In the modern age of recruiting, reputation is everything. Before (pre-modern Internet age), recruiters would make their money on referrals or word of mouth with maybe a newspaper ad thrown in the mix for good measure. But it seems that in the age of the Google, job boards, and social networks, your name might not carry the same weight it used to, right?
Yes, and no.
Job boards are still a big source of the job search for most professionals, and oftentimes job postings are anonymous with regard to companies. For most job seekers, it’s an opportunity to fire through job applications in one sitting hoping that something sticks and they get a reply from a hiring company.
Gone are the days where it seemed that all you had to do to attract candidates was turning the phones on in the morning. Now recruiting has shifted to where competition is so crowded that you not only have to go to the job seeker, but convince them your opportunity is unique — not an easy task. So how do you separate yourself from your competition?
Here are four simple but important things to be aware of regarding your reputation online:
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Do You Have Pages on Review Sites?
Sites like Yelp and Google+ offer an opportunity for people to share their experiences with your service. This can either be a positive thing, or a problem depending on the experiences people decide to share. Don’t think you’re in the clear if you haven’t set up these pages either, since these are user-generated sites and all it takes is one person to create your page and start airing their grievances, which if left unattended to, can lead irreparable consequences. Even if you’re an in-house recruiter, monitoring your company’s online reviews is crucial. Keep in mind this may be the first impression these potential hires have. On the other hand, if enough people share positive experiences, these types of sites can be referral-generating machines!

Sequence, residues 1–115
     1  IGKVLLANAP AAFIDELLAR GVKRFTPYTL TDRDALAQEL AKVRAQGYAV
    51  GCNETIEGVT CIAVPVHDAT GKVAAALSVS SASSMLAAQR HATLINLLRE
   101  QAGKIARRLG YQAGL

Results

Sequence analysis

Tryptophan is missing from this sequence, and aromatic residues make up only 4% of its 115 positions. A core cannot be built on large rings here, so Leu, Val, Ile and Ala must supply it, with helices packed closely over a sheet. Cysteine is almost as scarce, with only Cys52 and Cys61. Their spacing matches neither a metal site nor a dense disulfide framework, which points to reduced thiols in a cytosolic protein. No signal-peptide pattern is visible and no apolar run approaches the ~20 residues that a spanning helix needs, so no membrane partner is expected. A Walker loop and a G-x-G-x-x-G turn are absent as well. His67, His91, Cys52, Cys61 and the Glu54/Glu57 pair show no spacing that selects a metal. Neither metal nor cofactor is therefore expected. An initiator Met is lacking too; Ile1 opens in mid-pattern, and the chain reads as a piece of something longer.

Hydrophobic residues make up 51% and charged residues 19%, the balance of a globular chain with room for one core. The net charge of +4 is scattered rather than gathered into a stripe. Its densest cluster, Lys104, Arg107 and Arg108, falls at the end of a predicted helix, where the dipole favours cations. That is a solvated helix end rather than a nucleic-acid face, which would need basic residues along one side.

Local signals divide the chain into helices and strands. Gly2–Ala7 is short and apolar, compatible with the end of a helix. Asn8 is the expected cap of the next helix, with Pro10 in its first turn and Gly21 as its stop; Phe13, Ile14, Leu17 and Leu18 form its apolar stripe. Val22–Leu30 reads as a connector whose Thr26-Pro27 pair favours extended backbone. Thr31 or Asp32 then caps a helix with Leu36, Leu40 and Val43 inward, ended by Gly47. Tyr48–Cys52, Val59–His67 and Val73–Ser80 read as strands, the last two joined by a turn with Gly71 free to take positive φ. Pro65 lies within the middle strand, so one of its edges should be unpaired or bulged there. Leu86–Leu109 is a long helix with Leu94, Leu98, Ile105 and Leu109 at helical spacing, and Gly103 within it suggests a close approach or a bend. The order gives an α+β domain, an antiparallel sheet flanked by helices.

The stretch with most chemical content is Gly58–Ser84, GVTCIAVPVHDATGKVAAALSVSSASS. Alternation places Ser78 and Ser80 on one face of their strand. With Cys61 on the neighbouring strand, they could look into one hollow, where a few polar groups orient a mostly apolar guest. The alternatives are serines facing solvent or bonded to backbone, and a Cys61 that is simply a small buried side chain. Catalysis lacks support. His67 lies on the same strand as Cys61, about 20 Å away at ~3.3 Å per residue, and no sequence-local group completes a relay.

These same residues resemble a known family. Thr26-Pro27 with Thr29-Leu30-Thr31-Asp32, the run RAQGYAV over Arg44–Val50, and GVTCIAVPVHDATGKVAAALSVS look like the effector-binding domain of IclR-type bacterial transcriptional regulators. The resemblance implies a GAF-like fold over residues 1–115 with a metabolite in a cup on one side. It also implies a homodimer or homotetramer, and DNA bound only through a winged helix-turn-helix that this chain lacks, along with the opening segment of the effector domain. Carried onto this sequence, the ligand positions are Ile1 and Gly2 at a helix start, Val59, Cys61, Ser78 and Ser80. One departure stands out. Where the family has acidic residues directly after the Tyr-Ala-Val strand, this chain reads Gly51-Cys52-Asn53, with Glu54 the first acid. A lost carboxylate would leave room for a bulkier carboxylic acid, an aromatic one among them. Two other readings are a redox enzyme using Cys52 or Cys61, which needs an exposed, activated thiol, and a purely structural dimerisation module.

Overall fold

Are You Active on Social Media?
By now, I would assume everyone in recruiting is at least aware of the potential that social media can bring to their business. However I’ve noticed a majority of staffing people simply use their Facebook or Twitter pages as a venue to blast their RSS feed of open jobs. Posting jobs is a big part of social recruiting, but you cannot discount the true value of engaging people socially. Being accessible through social media provides another point of contact for people to reach you on; why wouldn’t you want to expand your options?
How Aggressively Do You Monitor Your Brand?
The Internet is a big place, and that means there’s a ton of wide open space for people to be sharing their experiences. Do you have Google Alerts set up so you know the second your business is mentioned? Do you use Twitter to monitor if people are bashing/complimenting your services? Do you have alerts set up on Yelp or LinkedIn to see when people write reviews about you and your company? All things many people don’t know you can do, but probably should look into.
It’s Not Just About People Saying Nice Things; It’s About Your Whole Universe
Getting recommendations or positive reviews is no doubt a good thing. But don’t stop there. You need to think about your brand as a whole. Who are you? If people searched for you online, what would they find? Make sure you are putting your experience out there as a tool for legitimization. Write a blog, Tweet your insight on the market on Twitter, and contact local reporters to discuss story ideas you could comment articulately on. Do you want to be looked at as the “the recruiter who may or may not be able to find the hot candidate” or do you want to be “the career expert, who is a necessary partner in their talent acquisition goal”? Achieving that type of perception is as easy as getting your digital ducks in a row.